DUBLIN — The giant reptiles that flew above the earth until about 65 million years ago could have grown to twice the size originally thought with wingspans of at least 18 meters, a paleontologist said on Thursday.
That would be almost the same width as the 64 foot fully extended wingspan of an F-14 Tomcat fighter aircraft and roughly five times bigger than an albatross, which ranks among the birds with the largest wingspans in the modern world.
Dr David Martill of the University of Portsmouth in southern England, said his research on pterosaur wings appeared to solve the problem of how such enormous creatures managed to take to the skies and stay there.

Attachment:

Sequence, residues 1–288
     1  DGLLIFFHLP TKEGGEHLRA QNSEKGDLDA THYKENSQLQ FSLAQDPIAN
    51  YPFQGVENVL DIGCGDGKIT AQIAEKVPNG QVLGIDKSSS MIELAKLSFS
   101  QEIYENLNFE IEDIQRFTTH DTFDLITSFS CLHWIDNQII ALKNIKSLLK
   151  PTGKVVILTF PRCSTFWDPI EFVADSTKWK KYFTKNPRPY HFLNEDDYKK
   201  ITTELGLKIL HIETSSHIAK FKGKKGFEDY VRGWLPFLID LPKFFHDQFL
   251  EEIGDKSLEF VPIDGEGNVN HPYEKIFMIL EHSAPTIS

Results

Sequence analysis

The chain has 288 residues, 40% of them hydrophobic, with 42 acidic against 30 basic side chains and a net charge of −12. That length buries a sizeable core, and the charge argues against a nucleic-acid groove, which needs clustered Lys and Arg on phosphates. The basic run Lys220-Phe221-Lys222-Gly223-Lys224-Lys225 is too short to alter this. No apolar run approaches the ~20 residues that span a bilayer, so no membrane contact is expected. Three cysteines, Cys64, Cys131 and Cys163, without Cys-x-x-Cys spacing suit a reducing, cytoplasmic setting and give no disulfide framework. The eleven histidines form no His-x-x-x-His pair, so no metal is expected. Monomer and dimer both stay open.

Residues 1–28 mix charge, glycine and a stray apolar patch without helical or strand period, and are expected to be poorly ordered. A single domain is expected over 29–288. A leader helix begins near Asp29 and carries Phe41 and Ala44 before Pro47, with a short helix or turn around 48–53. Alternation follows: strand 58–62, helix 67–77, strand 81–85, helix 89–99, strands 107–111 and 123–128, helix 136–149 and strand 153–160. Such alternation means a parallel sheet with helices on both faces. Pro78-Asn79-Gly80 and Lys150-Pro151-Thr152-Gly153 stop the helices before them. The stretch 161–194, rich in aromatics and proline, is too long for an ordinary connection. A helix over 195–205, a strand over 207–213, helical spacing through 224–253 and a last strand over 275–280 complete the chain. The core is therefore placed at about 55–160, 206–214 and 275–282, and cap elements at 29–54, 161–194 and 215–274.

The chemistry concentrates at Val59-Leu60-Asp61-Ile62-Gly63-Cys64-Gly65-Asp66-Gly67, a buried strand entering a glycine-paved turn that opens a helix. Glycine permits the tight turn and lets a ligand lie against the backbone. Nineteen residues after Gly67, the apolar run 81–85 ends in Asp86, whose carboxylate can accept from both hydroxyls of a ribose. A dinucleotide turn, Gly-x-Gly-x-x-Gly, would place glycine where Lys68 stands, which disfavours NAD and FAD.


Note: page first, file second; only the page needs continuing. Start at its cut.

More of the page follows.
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By E.J. Mundell
THURSDAY, Sept. 8 (HealthDay News) — A doctor is called to the house of a young man with a severe wound on his cheek. The flesh is split open, red and inflamed.
After assessing the damage, the doctor applies a special enzymatic cleanser to the affected area, then covers it in a bandage soaked in an antibacterial compound, to reduce the risk of infection. Chances are, the man will make a complete recovery.
While this course of treatment may sound modern, the doctor in question lived and practiced almost 4,000 years ago, in an ancient Egypt where skilled medicine worked hand-in-hand with magic potions and incantations to the lion-headed goddess Sekhmet.
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